Since being purchased by local banking tycoon and devout socialist democrat Anders Wiklöf, newspapers Åland and Nya Åland have published a series of disturbing opinion pieces, paid for by the wealthy entrepreneur. Now one of his journalists – Heidi Hendersson – has penned an editorial for Nya Åland where she applauds a genetic eradication of the native people of Finland and their replacement by foreign colonizers.
Hendersson brings up the low nativity number in Finland, which currently is only 1,35 children in average per woman and much lower than the 2,1 average needed to sustain a people’s continued existence. Her solution is colonization and she writes that immigration is ”the best way to beat a lack of births”. She demands that Finns change their attitudes to be more positive to immigration and dismiss opinions differing from hers as ”populists”:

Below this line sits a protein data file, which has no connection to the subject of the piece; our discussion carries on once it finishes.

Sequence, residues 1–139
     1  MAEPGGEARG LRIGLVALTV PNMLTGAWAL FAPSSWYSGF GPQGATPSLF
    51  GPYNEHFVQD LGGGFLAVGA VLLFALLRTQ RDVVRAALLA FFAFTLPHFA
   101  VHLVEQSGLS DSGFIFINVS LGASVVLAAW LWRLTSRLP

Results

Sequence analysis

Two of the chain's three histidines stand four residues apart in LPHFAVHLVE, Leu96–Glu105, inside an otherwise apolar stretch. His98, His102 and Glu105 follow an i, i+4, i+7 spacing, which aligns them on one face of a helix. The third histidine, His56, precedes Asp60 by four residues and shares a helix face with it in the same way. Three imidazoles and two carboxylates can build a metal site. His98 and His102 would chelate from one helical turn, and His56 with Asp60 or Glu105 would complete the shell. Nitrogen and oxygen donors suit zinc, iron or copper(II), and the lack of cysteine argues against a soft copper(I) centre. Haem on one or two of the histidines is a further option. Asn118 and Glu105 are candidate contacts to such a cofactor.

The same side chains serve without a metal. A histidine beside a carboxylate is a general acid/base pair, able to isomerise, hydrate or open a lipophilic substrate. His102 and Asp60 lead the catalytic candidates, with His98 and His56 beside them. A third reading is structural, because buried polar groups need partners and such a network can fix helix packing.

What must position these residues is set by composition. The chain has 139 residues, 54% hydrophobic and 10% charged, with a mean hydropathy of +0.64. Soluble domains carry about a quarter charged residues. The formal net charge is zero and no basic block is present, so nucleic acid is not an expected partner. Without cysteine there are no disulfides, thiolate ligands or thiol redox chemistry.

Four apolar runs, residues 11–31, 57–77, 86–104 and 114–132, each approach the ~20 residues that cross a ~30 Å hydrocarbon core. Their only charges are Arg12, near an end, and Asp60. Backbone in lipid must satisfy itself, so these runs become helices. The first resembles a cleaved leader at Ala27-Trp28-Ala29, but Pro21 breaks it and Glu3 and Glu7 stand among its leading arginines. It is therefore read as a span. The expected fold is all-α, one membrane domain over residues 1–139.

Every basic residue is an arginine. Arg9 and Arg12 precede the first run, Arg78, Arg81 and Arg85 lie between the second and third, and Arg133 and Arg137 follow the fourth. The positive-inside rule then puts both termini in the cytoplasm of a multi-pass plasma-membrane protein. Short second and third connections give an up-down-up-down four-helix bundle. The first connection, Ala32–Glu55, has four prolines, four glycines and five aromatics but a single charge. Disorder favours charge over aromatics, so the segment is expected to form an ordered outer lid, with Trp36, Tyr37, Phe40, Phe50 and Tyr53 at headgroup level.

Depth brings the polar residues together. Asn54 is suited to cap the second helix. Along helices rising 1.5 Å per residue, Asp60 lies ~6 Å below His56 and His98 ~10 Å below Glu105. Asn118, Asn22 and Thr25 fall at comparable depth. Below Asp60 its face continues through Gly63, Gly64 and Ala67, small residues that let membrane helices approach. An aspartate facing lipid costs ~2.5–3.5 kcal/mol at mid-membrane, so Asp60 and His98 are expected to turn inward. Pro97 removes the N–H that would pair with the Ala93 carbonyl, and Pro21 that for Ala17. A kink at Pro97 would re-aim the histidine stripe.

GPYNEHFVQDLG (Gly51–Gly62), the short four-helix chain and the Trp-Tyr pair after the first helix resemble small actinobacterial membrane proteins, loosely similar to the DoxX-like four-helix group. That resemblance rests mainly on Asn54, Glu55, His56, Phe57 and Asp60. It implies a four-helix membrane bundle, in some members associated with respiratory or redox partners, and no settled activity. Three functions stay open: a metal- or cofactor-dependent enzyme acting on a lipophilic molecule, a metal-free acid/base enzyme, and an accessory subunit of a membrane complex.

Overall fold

– Contrary to what the populistic narrative claims, it (immigration) is our salvation. That goes for Åland too, she writes.
The author urges readers of her column to remain childless and claims human reproduction to be ”immoral” and ”unethical”. She sees the diminishing population as the results of ”the struggle for women’s quality of life and equality”. She ends her editorial by yet again applauding the extermination of people. Similar views have previously been published by Wiklöf’s other newspaper ”Åland”, but their editors have refrained from advocating extermination of native populations as brazenly as Hendersson.
Journalists are not the only ones pushing the ideology of foreign colonization combined with eradication of natives. Former public health minister of Åland Wille Valve from the Moderates party commented the low birth rates last year:
– We’ve been lucky in Åland! Even though our nativity is low, we’ve had immigration of people who make children or bring their children.
In the Finnish-Swedish newspaper Hufvudstadsbladet, views identical to Henderssons have been expressed by university professor of ”sustainability” Kristina Lindström, who claimed that it would be ”good for the environment” if Finns were to cease existing.
Reproductive health is currently at it’s lowest level in Åland, according to the latest numbers from government statistics office ÅSUB.